There is something very powerful that happens when people commit themselves to reading Scripture daily and when those who are leaders and teachers in the congregation engage in Bible study and prayer on a regular basis. This moves people from the question of "What do we want to do?" to the question of "What would God have us do?" or "Where do we see God working in our midst, and how do we participate in that work?" When people change the questions they ask, possibilities are opened, and ministry moves in new and exiting directions.
Small groups, where people meet on a regular basis to share concerns and prayers and to study Scripture, have real impact and are possible in any size congregation. Intergenerational groupings for Sunday School and other gatherings are also effective. This is practical where there may not be a large number of people in any one age group. It is a good format for people to learn from one another's experiences — to learn from the wisdom and perspective of the older people and from the openness to all possibilities found in the youngest children. Intergenerational gatherings also help to remind people that learning is a lifelong process.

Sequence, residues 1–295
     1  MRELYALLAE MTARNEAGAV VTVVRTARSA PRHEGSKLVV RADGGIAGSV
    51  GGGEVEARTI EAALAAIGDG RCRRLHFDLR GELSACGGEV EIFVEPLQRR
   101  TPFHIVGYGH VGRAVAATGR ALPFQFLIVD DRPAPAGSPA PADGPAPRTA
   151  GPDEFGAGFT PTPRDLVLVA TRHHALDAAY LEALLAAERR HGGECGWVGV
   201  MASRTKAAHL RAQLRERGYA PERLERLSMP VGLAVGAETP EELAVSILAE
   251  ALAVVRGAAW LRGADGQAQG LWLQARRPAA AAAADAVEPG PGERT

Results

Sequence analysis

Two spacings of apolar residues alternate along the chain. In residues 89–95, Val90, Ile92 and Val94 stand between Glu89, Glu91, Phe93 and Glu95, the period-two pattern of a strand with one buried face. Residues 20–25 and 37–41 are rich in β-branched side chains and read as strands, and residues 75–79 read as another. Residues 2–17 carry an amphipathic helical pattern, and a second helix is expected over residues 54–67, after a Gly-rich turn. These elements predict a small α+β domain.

|When people have opportunities and resources for immersing themselves in the Word, where there are relationships and conversations that connect the Word of God to people's everyday lives, where there is a recognition in daily lives of God's loving and gracious presence and activity, where that recognition flows into a sharing with others — there people's lives are transformed to lives of discipleship.|
Worship services are another opportunity for immersion in the Word. This happens when Scripture is powerfully proclaimed and when the preaching relates that Scripture to the situations of people's daily lives.